Mentoring Basics: Part 1

Mentoring is such a great topic. There is no greater personal legacy than that which you invest in others.

Mentors show the way.

Mentoring is universal and can be done just about anywhere; at work, at home, at school, at church, with a child, with a student, with a team, with a co-worker, and the list goes on.

There’s nothing like seeing people that you have invested time and effort in go on to do great things.

Personally, I don’t think I have always been a good mentor.

In fact, in hindsight, I can think of former mentees that I could have done so much more for, but quite honestly at that point in time I didn’t have a lot of experience in mentoring and/or didn’t have the tools in my locker to be a good mentor. Even today, I know that I have a long way to go to reach the level of some of the great leaders that inspire and mentor me, but I am better than I was yesterday and I learn every day.  Mentoring is just as much about the mentor learning how to grow others as it is about the mentee learning from the mentor.

For the purpose of this series of posts on Mentoring Basics, I am going to approach the topic from the “role of the mentor”, but I think the lessons have equal application for mentees as well. I am also going to approach it from a business standpoint, but again, I think the lessons have equal application in mentoring relationships outside of the workplace.

Throughout this series on, we are going to talk about mentoring basics, including:

  • How to put structure around your mentoring relationships
  • How to start a mentoring relationship
  • Key mentor Do’s and Don’ts
  • How to handle some of the tough conversations

A great place to start this conversation is around defining what mentoring is in the first place and how it differs from management.  In doing a little research, I found the following, which I thought was a good explanation from www.management-mentors.com.

What is mentoring?

Mentoring is a relationship between an experienced person and a less experienced person for the primary purpose of helping the one with less experience develop and/or reach their goals.  The mentor provides wisdom, guidance, advice and counseling as a mentee advances in their life, career or education.

What is the difference between a manager and a mentor?

While many managers demonstrate mentoring behavior on an informal basis, it is very different from having a structured mentorship. There is a qualitative difference between a manager-associate relationship and a mentor-mentee relationship.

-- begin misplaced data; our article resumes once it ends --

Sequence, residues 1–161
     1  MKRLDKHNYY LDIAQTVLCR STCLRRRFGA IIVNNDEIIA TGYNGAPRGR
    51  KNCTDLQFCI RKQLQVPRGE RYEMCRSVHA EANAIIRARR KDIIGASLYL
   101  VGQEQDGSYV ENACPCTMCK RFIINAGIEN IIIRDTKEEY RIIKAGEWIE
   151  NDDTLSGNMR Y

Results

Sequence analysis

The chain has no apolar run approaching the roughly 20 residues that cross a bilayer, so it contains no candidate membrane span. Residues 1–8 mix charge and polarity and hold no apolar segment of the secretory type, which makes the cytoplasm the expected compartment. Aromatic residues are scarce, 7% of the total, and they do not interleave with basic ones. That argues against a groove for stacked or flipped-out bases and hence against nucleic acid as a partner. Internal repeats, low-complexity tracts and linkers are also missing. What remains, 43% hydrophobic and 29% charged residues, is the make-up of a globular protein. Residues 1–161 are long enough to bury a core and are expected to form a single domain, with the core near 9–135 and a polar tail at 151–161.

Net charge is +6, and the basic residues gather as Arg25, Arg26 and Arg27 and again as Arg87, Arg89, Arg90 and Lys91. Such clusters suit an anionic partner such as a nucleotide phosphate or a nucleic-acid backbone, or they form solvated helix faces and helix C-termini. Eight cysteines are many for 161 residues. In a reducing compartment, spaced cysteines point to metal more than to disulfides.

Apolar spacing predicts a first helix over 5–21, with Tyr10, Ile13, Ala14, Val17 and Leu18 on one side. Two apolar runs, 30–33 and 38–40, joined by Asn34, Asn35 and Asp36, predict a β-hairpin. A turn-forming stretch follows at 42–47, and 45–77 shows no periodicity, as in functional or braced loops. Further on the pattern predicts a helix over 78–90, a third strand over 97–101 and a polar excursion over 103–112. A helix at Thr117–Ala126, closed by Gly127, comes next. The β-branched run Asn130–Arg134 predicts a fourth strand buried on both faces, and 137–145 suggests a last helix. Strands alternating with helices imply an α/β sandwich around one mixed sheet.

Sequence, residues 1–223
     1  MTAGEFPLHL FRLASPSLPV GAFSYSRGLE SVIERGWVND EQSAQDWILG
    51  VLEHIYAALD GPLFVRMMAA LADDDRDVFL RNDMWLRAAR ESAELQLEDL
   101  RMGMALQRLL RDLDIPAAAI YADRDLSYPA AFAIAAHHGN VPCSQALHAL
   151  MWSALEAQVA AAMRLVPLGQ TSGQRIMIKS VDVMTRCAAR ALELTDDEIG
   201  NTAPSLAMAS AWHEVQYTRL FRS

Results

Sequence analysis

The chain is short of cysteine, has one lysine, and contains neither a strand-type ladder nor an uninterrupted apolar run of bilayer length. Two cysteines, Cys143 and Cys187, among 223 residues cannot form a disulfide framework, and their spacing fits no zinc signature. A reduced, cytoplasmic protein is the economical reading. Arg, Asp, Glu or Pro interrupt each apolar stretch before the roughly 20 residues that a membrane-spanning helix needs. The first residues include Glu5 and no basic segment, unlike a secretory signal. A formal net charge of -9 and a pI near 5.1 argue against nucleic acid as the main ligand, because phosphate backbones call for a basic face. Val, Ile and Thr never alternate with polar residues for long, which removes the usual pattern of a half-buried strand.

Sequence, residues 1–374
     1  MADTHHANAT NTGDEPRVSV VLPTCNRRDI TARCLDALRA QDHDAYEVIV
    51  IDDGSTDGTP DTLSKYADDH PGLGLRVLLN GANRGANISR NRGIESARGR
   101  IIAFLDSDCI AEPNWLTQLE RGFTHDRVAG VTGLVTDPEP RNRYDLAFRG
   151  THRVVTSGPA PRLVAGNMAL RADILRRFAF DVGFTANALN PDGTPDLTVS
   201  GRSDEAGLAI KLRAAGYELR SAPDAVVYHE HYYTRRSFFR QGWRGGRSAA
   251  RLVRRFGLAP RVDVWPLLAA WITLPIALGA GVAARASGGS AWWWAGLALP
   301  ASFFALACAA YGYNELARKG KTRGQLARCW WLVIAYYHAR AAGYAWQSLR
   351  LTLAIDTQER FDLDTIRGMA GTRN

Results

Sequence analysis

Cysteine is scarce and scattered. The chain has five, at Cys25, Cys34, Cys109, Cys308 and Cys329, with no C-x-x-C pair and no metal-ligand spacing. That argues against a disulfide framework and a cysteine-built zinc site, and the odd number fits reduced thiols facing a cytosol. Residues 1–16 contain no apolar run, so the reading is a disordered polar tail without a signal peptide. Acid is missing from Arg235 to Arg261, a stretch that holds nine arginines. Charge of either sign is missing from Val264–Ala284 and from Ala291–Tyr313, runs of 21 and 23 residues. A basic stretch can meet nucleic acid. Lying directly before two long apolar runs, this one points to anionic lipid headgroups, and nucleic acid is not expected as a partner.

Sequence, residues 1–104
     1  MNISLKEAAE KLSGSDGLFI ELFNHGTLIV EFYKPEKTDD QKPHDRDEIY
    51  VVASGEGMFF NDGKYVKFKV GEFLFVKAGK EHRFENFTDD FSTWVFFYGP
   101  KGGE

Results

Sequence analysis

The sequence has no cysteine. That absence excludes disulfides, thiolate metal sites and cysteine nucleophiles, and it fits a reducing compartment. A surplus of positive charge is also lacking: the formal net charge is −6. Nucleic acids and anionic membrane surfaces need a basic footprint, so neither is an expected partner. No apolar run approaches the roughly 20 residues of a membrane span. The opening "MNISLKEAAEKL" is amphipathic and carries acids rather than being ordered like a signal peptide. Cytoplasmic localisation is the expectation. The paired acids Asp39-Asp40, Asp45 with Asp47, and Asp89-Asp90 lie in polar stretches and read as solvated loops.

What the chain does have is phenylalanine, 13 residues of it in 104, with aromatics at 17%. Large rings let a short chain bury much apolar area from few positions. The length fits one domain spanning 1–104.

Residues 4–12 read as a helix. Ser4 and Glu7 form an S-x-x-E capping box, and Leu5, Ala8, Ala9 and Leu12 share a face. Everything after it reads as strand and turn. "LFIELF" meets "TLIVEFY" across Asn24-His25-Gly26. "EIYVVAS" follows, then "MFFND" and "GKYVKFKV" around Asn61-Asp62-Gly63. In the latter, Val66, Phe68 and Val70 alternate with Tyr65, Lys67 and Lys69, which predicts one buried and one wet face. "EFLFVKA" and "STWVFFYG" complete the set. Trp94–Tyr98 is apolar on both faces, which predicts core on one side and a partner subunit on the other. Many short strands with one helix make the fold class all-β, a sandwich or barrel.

Managerial Role

The manager-associate relationship focuses on achieving the objectives of the department and the company. The manager assigns tasks, evaluates the outcome, conducts performance reviews, and recommends possible salary increases and promotions.

Because managers hold significant power over associates’ work lives, most associates demonstrate only their strengths and hide their weaknesses in the work environment.

Mentoring Role

The mentor-mentee relationship focuses on developing the mentee professionally and personally. As such, the mentor does not evaluate the mentee with respect to his or her current job, does not conduct performance reviews of the mentee, and does not provide input about salary increases and promotions.

This creates a safe learning environment, where the mentee feels free to discuss issues openly and honestly, without worrying about negative consequences on the job.

The roles of manager and mentor are fundamentally different. That’s why structured mentoring programs never pair mentors with their direct reports.

This is a basic contrast, but does provide some boundaries on the roles of managers and mentors.

In the next part of the series, we’ll look at how to put some structure around the mentoring relationship.

Enjoy!

~Jason

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5 Responses to Mentoring Basics: Part 1

  1. Pingback: Mentoring Basics: Part 2 « The Leader's Locker

  2. Pingback: Mentoring Basics: Part 3(a) « The Leader's Locker

  3. Pingback: Mentoring Basics: Part 3(b) « The Leader's Locker

  4. Pingback: Mentoring Basics: Part 3(c) « The Leader's Locker

  5. Pingback: Mentoring Basics: Part 5 (series finale) « The Leader's Locker

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